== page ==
Global Economic Recovery Will Take At Least A Decade To Materialize, Says IMF
Global Economic Recovery
Olivier Blanchard, the chief economist for the International Monetary Fund, says that the global economy will need at least a decade to recover from the 2008 financial crisis.
Blanchard told a Hungarian website that while it is “not yet a lost decade,” that it will “take at least a decade from the beginning of the crisis for the world economy to get back to decent shape.”
His view was underscored by recent data that point toward a recession in the 3rd quarter. Business activity slowed in the three months through the end of September, according to a survey of purchasing managers by Markit Economics, a financial data provider.
A group of economists surveyed by CNN believe that failure to avoid the fiscal cliff is a serious threat to tipping the economy back into recession and poses a greater threat than the European debt crisis. But, most also agree that the fiscal cliff can and will be avoided.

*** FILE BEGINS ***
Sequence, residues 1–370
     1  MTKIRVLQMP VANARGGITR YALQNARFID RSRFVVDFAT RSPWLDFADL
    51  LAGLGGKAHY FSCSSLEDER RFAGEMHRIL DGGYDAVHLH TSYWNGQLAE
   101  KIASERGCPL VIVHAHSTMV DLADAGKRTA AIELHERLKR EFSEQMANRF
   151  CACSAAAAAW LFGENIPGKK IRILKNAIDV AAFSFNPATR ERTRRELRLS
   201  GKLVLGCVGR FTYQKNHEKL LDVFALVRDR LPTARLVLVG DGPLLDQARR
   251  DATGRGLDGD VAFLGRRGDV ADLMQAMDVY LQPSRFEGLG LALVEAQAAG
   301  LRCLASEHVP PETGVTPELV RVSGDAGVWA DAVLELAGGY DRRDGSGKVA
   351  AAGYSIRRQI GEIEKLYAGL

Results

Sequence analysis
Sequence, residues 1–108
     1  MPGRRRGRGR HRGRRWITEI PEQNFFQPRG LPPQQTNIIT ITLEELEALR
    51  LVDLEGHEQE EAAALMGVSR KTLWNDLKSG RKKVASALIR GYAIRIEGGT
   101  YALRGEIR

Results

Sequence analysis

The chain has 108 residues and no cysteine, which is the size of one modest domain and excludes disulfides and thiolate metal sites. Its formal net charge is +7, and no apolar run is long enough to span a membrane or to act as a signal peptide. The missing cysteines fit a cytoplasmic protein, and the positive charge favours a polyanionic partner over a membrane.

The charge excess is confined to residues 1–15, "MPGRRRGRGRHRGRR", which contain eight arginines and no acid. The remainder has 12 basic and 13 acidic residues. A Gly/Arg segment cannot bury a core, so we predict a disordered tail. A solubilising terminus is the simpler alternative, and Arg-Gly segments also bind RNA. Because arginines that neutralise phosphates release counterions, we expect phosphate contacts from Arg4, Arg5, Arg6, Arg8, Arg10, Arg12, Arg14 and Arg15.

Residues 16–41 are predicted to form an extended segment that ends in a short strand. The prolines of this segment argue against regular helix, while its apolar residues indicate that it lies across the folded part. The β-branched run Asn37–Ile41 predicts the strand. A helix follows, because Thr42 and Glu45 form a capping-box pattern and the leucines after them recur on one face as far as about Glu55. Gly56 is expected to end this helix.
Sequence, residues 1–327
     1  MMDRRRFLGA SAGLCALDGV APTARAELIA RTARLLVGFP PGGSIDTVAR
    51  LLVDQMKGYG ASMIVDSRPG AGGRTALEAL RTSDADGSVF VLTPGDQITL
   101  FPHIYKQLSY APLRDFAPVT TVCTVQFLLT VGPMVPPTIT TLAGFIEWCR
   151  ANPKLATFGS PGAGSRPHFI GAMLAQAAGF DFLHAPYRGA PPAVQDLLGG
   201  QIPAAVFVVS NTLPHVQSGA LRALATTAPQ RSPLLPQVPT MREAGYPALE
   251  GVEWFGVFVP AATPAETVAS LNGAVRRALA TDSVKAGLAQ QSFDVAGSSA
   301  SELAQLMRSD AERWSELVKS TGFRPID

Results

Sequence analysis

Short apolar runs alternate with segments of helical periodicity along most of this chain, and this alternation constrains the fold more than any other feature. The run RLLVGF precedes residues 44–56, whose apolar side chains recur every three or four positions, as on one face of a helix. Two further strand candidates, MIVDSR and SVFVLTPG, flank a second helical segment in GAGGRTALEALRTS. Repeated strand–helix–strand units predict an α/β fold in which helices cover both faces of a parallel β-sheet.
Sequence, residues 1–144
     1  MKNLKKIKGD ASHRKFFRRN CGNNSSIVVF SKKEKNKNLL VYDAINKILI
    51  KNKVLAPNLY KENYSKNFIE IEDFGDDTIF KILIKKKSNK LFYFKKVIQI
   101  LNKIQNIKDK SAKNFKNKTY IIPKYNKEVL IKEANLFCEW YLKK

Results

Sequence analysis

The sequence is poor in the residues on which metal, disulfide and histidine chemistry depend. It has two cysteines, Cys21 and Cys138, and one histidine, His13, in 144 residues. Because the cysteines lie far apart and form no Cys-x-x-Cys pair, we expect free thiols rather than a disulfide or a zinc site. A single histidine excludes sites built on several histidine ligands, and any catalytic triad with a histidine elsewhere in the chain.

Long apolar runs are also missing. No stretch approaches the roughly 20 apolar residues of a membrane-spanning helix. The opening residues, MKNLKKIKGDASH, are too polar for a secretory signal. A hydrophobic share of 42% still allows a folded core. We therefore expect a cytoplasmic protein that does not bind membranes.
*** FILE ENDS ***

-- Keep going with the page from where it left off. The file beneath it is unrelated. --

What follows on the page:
The End of Endless Economic Growth?
Martin Wolf argues in the Financial Times that the latest industrial revolution could spell the death knell for unlimited growth. According to Wolf’s piece,
there are challenges, including a reversal of the demographic dividend that came from the baby boomers and movement of women into the labour force; the levelling-off of educational attainment” that pose challenges to innovation and therefore to greater economic growth.
Moving to the City Does Not Equate To Upward Income Movement
New numbers released by the Global Development Report find that income does not neceearily increase when individuals move from rural to urban centers.